By Clemente Lisi – NEW YORK, NY (May 31, 2021) US Soccer Players – The summer is back to being busy. With the pandemic halting the action last summer, confederation championships in Europe and South America move to 2021 along with the Gold Cup. Four Concacaf nations have it even busier, starting this week with the Nations League final four.
With the conclusion of that tournament delayed and then delayed again, it’s finally time to name a champion. The four group winners of Nations League A, the United States, Mexico, Honduras, and Costa Rica, also represent the four strongest teams in the region at the moment. In reality, this quartet has represented the best of Concacaf, at least if you use qualifying for the World Cup as a measure, for quite some time. They join Jamaica as the five teams that didn’t have to go through the early rounds of World Cup qualifying.
The Nations League final four takes place at Empower Field at Mile High in Denver. On Thursday, the USMNT plays Honduras followed by Mexico versus Costa Rica to set Sunday’s 3rd-place game and final. Modeled on the European original, Concacaf’s Nations League wants the same result. That’s using more international windows for competitive games to cut down on what many considered meaningless friendlies.
“We are excited to gather this group together as we compete to win the Nations League trophy,” USMNT head coach Gregg Berhalter told USSoccer.com. “It’s been a great year for our player pool and the unprecedented successes of winning multiple league and cup championships. Our focus now becomes continuing this success with the National Team.”
Here are three things to watch for this week at the Nations League:
First big test for the USMNT’s European-based players
The USMNT begins playing games that count knowing that squad rotation is a necessity. Fortunately, the depth of this squad is getting better. That’s thanks to so many players excelling at the highest levels across Europe. That means coach Gregg Berhalter has put together one of the most competitive US squads in recent history for the finale of the Nations League. While this collection of players has done well this past season at club level, Berhalter’s job is to mold these individual talents into a winning team.
“When we step on the field, we compete to win these trophies,” Berhalter said. “We want guys that really understand what it means to win and value what it means to win, but also have an expectation that winning is what we’re looking for.”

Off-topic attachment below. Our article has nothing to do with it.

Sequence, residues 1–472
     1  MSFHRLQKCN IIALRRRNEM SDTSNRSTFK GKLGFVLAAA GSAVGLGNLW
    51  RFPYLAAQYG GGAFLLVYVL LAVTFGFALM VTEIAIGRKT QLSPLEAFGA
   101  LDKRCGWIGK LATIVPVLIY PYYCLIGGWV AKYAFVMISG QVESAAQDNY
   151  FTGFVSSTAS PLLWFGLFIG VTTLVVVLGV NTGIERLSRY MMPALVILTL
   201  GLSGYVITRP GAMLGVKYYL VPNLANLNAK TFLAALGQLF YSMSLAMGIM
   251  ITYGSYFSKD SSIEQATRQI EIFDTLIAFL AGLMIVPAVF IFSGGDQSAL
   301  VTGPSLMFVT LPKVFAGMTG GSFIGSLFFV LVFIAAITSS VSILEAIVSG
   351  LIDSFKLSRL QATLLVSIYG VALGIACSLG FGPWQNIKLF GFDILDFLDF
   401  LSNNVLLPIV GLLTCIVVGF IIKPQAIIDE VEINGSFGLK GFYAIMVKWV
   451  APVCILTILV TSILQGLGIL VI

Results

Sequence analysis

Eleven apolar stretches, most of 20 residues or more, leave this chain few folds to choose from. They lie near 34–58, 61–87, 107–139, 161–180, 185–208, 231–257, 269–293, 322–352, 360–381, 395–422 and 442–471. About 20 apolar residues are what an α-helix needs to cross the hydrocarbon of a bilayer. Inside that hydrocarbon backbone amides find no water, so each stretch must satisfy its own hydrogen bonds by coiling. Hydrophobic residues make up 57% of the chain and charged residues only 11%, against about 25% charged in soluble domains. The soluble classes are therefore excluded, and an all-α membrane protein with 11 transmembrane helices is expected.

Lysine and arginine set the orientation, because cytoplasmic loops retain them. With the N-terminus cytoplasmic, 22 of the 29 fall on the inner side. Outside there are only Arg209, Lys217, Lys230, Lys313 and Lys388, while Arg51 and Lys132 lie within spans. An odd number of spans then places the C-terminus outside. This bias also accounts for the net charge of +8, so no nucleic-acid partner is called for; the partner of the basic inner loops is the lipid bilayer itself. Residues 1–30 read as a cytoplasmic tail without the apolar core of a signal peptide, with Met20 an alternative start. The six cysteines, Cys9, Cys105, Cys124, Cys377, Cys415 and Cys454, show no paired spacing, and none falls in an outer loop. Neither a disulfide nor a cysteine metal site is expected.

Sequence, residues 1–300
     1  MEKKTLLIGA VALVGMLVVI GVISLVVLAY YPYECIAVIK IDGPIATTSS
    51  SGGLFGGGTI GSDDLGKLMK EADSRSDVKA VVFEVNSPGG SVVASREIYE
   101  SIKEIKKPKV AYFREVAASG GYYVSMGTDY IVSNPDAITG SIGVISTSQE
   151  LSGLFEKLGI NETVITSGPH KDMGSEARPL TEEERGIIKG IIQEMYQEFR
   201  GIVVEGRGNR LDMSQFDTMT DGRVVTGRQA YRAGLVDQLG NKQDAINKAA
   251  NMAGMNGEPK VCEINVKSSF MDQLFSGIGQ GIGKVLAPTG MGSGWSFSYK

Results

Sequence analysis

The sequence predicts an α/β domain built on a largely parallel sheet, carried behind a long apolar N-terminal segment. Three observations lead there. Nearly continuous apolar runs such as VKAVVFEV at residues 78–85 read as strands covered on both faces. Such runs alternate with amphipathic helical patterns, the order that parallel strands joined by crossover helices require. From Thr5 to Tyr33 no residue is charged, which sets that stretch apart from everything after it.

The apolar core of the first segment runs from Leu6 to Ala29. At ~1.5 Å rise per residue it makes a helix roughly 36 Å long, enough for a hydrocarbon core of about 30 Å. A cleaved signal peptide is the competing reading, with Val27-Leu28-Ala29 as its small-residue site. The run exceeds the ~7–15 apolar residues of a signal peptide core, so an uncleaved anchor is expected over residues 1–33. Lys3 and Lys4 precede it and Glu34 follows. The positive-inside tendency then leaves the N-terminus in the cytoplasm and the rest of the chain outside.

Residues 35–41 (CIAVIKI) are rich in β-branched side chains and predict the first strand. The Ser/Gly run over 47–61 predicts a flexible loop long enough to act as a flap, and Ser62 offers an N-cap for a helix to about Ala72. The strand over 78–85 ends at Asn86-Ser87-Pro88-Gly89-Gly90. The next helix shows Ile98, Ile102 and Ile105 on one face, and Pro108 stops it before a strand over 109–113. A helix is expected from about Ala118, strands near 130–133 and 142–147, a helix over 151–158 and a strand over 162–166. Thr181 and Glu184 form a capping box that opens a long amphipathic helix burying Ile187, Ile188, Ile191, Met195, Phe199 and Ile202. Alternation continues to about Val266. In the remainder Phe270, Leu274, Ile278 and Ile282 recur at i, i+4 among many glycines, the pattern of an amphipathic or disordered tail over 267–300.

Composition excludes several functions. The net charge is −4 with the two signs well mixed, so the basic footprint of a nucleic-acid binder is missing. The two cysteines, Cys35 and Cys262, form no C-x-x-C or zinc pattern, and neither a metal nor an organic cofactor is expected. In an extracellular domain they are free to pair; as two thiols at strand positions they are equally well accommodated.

Sunday’s loss at Switzerland is the start of a process. With the Nations League taking precedence for first choice players, Berhalter is laying down a challenge prior to World Cup qualifying. The USMNT will aim to create chemistry and see just how competitive this team can be going forward.
Mexico remains the challenge
There’s no downplaying the regional heavyweights. Mexico keeps that spot until another team takes it from them, which could start in the Nations League. El Tri enters every Concacaf competition as the favorite and the Nations League is no different.
Gerardo “Tata” Martino’s side has many familiar faces on it. While the roster is a mix of domestic-based players as well as European ones, there are also a few who play in MLS. Those include LA Galaxy midfielder Jonathan Do Santos and Sporting Kansas City striker Alan Pulido. Notably absent is the Galaxy’s Javier “Chicharito” Hernandez, who is having a breakout season at club level. LAFC’s Carlos Vela also isn’t in the squad.
No Chicharito may be a good thing for the US’s chances, but El Tri remains a side stacked with talent. Standouts like Napoli striker Hirving Lozano headline the type of talent that can turn a game and a tournament. Lozano subbed on in Mexico’s friendly against Iceland on Saturday and made the difference in the 2-1 win. The first Concacaf Nations League final may seem built for the latest edition of USA vs Mexico, but nothing is a foregone conclusion in this region. Setting the tone is important here.
How big is the chance for an upset?
If it’s a Concacaf tournament, seeing the USMNT playing Mexico advancing to the final is the expectation. That doesn’t downplay Costa Rica and Honduras. Both are fully capable of pulling off the upset, but there’s a limit to flattery. The FIFA Rankings are an indication. Mexico is 11th to the USA’s 20th. It’s a big gap between them and Costa Rica in 50th-place and Honduras ranked 67th. What that means on the field in Denver is up to Costa Rica and Honduras.
Costa Rica will feature FC Cincinnati midfielder Allan Cruz. Honduras has a younger squad spearheaded by striker Alberth Elis that’s hungry for more success. Elis moved from Houston to Boavista, becoming a regular with the Portuguese Primeira Liga club. Though it’s not the same level as some of the USMNT players in Europe this season, anybody from Concacaf showing that they belong in a lineup sends a clear message.
What this tournament means to the region is important. With UEFA already playing their second edition, the expectation is that the Nations League counts. That means opportunities for meaningful minutes and teams accepting that there’s more at stake than the Gold Cup and qualifiers. We’ll finally learn just how hard it is to make it to a Concacaf Nations League final later this week.
Clemente Lisi is a regular contributor to US Soccer Players. He is also the author of A History of the World Cup: 1930-2018.
More from Clemente Lisi:
- Americans in Europe during a special 2020-21 season
- MLS so far in 2021
- Keeping time in the era of VAR
- Playing at home in MLS and Concacaf
Image courtesy of Concacaf